Man vs Piglets, day 1

In the morning, we did two things.  I went out and tracked the missing piglet, and HW moved the “good piglet” from the greenhouse to her own bed.

Right at dawn, he went to the greenhouse, looking for the piglet.  We knew she’d be cozy, that she’d take liberties with the chicken hay fort and make herself comfortable.  She’d taken apart some bales and made a huge haystack, and then buried herself in it.  He had to dig for her.  Then he grabbed her by two legs, a front and a back (picture that) , and carried her outside, from the greenhouse to piglandia.  I saw him coming down the trail hanging a starfished pig, head limp.  She made a couple of slightly irritated grunts, like “Don’t bogart the covers”, but that was it.  Her eyes didn’t open.

She slept right through it!  HW slung her into her bed in the pig palace, mounded the hay up over top of her, and she didn’t twitch.  She stayed there, soundly asleep, until past noon.  I had to reach into the hay before I left for work to be sure she was really in there.  Dead to the world at noon.

I set out in the morning to track the missing pig, which was very informative.  She had practically followed us back, and stayed out of sight in the treeline, but used our trails and come right up to where she (a foot tall pig), could see the greenhouse.  She’d popped in and out of the trees looking at the greenhouse from different directions, walked up and down our driveway, out and back on the road a fair ways, had a look at the quad trail, meandered through the orchard, and then gone back out where she’d originally jogged, into the woods.  In other words, she knew exactly where we lived, and where her sister pig was, by the time we went to bed.

Pigs don’t mind using trails and roads one bit, and walk in straight lines on them, but off-trail, they move in long S-curves.  Also, they retrace their own steps, walking almost in their own footsteps.  Hoofsteps?  The little bit of snow on the ground was nice, kept all the information.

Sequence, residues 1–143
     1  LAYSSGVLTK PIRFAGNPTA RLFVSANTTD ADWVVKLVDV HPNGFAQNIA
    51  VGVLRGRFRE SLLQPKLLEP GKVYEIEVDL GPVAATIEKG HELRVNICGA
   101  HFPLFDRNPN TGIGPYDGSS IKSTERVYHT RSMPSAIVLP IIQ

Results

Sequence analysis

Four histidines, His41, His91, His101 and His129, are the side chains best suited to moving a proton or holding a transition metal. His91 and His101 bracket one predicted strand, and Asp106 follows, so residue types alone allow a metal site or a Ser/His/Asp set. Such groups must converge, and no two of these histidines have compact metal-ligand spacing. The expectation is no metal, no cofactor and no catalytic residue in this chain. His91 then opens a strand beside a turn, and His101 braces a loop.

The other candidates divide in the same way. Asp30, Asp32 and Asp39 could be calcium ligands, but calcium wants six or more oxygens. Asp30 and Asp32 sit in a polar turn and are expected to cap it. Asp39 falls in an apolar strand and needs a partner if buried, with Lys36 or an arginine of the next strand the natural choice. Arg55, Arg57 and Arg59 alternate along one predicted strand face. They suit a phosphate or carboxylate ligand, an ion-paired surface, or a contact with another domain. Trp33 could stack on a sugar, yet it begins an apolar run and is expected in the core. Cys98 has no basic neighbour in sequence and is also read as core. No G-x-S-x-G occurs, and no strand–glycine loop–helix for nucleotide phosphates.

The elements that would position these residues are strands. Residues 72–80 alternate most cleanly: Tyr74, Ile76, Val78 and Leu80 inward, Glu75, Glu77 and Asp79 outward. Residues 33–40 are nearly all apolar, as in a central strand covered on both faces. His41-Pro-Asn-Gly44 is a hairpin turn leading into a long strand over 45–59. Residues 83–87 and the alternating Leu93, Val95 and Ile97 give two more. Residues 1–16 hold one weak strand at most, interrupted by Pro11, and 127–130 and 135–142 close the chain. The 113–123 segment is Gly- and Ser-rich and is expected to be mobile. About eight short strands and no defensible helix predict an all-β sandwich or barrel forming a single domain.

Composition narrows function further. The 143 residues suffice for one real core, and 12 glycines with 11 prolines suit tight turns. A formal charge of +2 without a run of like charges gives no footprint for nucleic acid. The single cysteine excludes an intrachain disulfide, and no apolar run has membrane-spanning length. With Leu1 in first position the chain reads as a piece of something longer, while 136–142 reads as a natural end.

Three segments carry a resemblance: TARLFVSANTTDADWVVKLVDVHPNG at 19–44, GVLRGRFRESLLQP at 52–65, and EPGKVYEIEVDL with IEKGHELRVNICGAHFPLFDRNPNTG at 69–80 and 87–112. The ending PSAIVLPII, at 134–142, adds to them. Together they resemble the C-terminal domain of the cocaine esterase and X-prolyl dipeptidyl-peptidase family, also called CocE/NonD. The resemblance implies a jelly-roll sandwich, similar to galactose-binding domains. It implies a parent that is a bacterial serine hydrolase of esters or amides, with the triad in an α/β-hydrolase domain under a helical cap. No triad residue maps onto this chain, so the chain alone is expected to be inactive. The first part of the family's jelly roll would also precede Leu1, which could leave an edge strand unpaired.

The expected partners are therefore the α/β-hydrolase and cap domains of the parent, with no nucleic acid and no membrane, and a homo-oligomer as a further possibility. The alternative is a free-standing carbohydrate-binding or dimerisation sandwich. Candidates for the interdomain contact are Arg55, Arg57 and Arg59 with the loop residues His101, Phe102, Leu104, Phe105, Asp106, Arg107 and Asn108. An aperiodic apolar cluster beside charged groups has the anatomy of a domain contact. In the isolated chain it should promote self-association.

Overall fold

I put out sprinklings of feed just a bit closer in than her nearest look-sees, knowing she would probably follow her own tracks back in in the morning, which, judging by Sleeping Beauty, might be quite late in the day.

HW got home before me.    At work, I got a text:  Zero pigs.

Okay, now they’re officially both at large.  Awesome.

Later I found out the details, that he had walked up and found Adventure Pig standing outside the electric fence, Good Pig standing inside the electric fence, and on his approach, both of them took off, Good Pig whizzing through the two-strand like it wasn’t there.

When I got home, both pigs were eating from one of my bait piles right next to the greenhouse (we considered using the greenhouse to trap them), and spent the evening scuttling around in the treeline, watching me watch them.  At least they’re together, and happy.

We raised up the strands of the fence and turned it off, hoping that Sleeping Beauty would give the pigpen rave reviews on Travelocity and both pigs would choose to retire in there together come nightfall.  Then we would sneak up in the night to restore the fence, trapping them behind the electric tape (again), bahaha!

Because that’s been working so well thus far.

Actually, my week-long plan to get the pig back is ahead of schedule.  Except for the zero pigs development.

 

3 thoughts on “Man vs Piglets, day 1”

  1. Glad you had snow so you could track the first piglet and knew it was staying nearby. Loved your comment about reviewing the pigpen on Travelocity! Hope they both came back soon and you figure out a way to keep them contained. Seems like we used to use wooden fences. It’s been a long time, so I’m not positive.

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